These papers include his Stanford course files, 1976-94; correspondence, 1968-95, including that with Donald Knuth, 1963-1987;
research and subject files; reprints and manuscripts; computer printouts; and note cards. Some materials relate to his interest
Robert W. Floyd joined the Stanford faculty in 1968 as an associate professor of computer science. He was appointed full professor
in 1970 and from 1973 to 1975 he was chair of the department. He retired from Stanford in 1994. A child prodigy, Floyd graduated
from high school at age 14 and earned his first bachelor's degree at the age of 17 and his second in physics in 1958, both
at the University of Chicago. A self-taught computer operator and programmer, he became a Senior Project Scientist at Computer
Associates in Massachusetts in 1962. He taught at the Carnegie Institute of Technology prior to his appointment at Stanford.
His most important scientific achievement was pioneering systematic methods of program verification. His research included
design and analysis of algorithms for finding the shortest paths in a network, parsing (decomposing) programming languages,
calculating quantiles, printing shades of gray on a dot printer, sorting information and selecting random permutations and
combinations. In 1978, Floyd won the Association for Computing Machinery Turing Award, the highest honor in computer science.
In 1991, the Institute of Electrical and Electronics Engineers (IEEE) Computer Society awarded Floyd its Computer Pioneer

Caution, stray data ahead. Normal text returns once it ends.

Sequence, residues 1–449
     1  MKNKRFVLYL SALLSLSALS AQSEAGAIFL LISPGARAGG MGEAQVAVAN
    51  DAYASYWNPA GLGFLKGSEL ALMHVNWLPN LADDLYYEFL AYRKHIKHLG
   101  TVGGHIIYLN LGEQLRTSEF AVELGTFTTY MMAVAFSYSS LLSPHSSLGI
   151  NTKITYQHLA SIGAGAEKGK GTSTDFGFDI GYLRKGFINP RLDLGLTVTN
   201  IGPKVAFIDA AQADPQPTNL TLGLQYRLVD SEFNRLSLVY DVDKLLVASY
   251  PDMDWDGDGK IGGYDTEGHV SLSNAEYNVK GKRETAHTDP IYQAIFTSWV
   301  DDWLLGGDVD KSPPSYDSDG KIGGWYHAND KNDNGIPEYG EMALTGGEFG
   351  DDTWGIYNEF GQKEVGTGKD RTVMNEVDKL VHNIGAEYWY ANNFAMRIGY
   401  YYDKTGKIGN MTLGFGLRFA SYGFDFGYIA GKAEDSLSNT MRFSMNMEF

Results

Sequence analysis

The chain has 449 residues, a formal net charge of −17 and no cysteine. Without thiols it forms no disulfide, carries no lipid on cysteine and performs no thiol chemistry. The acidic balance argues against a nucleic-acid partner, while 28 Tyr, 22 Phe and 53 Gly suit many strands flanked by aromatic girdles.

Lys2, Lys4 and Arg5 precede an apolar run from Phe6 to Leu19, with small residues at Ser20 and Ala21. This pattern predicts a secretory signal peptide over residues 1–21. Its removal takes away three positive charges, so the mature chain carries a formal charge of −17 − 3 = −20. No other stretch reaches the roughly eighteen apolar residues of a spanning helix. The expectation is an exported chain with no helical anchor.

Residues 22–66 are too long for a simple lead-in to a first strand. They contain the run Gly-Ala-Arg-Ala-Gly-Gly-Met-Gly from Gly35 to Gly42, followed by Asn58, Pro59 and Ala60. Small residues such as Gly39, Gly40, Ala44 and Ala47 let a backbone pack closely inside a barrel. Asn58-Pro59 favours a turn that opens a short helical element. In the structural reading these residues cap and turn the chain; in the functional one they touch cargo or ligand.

Award for his work on early compilers. Floyd was a fellow of the American Academy of Arts and Sciences, the American Association
for the Advancement of Science, and the Association for Computing Machinery. He died in September 2001.
All requests to reproduce, publish, quote from, or otherwise use collection materials must be submitted in writing to the
Head of Special Collections and University Archives, Stanford University Libraries, Stanford, California 94304-6064. Consent
is given on behalf of Special Collections as the owner of the physical items and is not intended to include or imply permission
from the copyright owner. Such permission must be obtained from the copyright owner, heir(s) or assigns. See: http://library.stanford.edu/depts/spc/pubserv/permissions.html.
This collection is open for research.